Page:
So, there was poor evaluating, in recruiting and of his own players.
Then, there was the aspect of being a General Manager that demands managing people. Howland's interpersonal skills were never great. Howland is awkward with people, generally. He isn't natural at it. It's why it's easier for him to make it all-business when it comes to basketball and a particular season – to take the human element out of it. It's what has put off many of his players – that he doesn't seem to compensate for the human side of the game. In person, like in recruiting, he doesn't have great interpersonal skills. He just doesn't have a side of him that comes off warm and fuzzy, and many times it's awkward when he tries to do it.
There's also a side of Howland that is a bit OCD. He has a great attention to detail, and he demands it from those around him. Having his water bottle in the same exact place on the scorer's table for every game is an example. There's one story from an ex-player how on one road trip they were in a hotel, and the team and the coaches were eating at a buffet. A sign on the buffet table said, "Bread Rolls," but there were no rolls, just bread. Howland demanded from the service staff that they bring out rolls because the sign indicated they had them, and he stood at the buffet and waited until they did. While this trait can be good in many ways when you're a coach – it definitely demands perfection – it can also be debilitating to a player if it's excessive and without conscience.
As we've said many times, many players thought playing for Howland was a grind. While many college players sometimes don't completely enjoy their playing experience because the coach is too demanding, this was on the extreme side of the spectrum. There was never abuse, as some have assumed. Howland is misunderstood in that way. People see his gruffness, and his overall serious demeanor, and then when they hear players sometimes don't like to play for him, they assume it's because the coach must be abusive. From what I know, that's an inaccurate assumption. Also, to fill out the picture of Howland the man, he can be a kind-hearted person and truly care for his players and his ex-players. But when it's time for basketball, it's all-business, and it can be so intense and non-forgiving that players just don't want to be there. Some players have told me that how intense Howland is in teaching them basketball they thought he hated them. But then, outside of basketball and the season, he'd talk to them about their family, in a very genuine manner, and they'd be stunned.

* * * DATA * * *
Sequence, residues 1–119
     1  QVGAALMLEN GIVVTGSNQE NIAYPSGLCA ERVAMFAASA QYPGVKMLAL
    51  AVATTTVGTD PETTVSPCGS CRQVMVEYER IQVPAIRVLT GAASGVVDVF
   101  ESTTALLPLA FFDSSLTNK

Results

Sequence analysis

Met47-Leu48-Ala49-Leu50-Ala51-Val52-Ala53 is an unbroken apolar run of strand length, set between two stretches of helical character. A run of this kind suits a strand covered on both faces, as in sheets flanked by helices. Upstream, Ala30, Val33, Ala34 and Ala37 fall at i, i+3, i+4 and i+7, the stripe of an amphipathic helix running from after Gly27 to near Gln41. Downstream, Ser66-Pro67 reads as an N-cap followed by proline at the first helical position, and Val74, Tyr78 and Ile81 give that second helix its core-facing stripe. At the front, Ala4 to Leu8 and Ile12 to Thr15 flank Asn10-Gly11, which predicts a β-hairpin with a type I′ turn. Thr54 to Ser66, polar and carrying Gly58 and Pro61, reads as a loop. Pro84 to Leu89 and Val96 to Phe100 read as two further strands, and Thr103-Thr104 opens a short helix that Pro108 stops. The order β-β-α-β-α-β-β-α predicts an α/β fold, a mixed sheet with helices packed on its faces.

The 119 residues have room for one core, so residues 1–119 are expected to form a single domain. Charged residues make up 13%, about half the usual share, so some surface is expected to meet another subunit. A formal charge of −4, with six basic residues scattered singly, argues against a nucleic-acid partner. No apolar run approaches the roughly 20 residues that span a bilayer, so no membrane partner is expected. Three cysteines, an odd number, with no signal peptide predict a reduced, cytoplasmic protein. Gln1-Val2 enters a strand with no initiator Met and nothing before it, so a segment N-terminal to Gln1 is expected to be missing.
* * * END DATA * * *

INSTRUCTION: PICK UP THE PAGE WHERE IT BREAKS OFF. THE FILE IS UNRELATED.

It has to be said that it's probably not coincidental that the UCLA program under Howland started to spiral a bit when assistant Kerry Keating took the head coaching job at Santa Clara. Keating, in many ways, filled in many of Howland's weaknesses. Keating was a very good evaluator in recruiting. He did also have the interpersonal skills to keep players from jumping off the cliff. He was the glue within the program, in many ways. He also had a strong enough personality to stand up to Howland, particularly in recruiting. Sometimes he just merely operated behind Howland's back, which he had to do – like in continuing to recruit Westbrook through spring. Howland had a Keating-like presence on his Pittsburgh staff in Jamie Dixon, who also filled in his weaknesses. But post-Keating at UCLA, there hasn't been anyone to fulfill that role.
The environment in the program, because of all of this, was never a positive one. Even when UCLA was winning and going to Final Fours there was some dissension. Other things contributed to that, too, like a perception from some players that Howland played favorites. There were definitely some players who seemingly had shorter hooks for no apparent reason.
And then there were the Wear brothers. Travis Wear and David Wear are two very good kids, who work hard and are exemplary student-athletes. After Howland had had to deal with Drew Gordon, J'Mison Morgan and Reeves Nelson, the Wears were a complete breath of fresh air. It's not difficult to understand how any coach could favor them, especially comparatively to the problem children. There was, however, definitely some resentment on the team because of how clearly Howland favored the Wears and gave them perhaps more playing time than they deserve.